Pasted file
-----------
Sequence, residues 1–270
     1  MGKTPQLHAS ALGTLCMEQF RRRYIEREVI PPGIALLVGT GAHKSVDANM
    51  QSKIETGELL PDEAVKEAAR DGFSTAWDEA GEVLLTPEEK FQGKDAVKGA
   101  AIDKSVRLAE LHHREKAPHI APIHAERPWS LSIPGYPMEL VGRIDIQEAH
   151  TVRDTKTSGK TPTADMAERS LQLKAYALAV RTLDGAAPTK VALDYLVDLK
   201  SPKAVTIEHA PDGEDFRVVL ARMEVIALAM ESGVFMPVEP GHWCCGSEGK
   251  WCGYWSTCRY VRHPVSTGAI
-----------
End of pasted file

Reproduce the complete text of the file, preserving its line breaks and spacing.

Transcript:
Sequence, residues 1–270
     1  MGKTPQLHAS ALGTLCMEQF RRRYIEREVI PPGIALLVGT GAHKSVDANM
    51  QSKIETGELL PDEAVKEAAR DGFSTAWDEA GEVLLTPEEK FQGKDAVKGA
   101  AIDKSVRLAE LHHREKAPHI APIHAERPWS LSIPGYPMEL VGRIDIQEAH
   151  TVRDTKTSGK TPTADMAERS LQLKAYALAV RTLDGAAPTK VALDYLVDLK
   201  SPKAVTIEHA PDGEDFRVVL ARMEVIALAM ESGVFMPVEP GHWCCGSEGK
   251  WCGYWSTCRY VRHPVSTGAI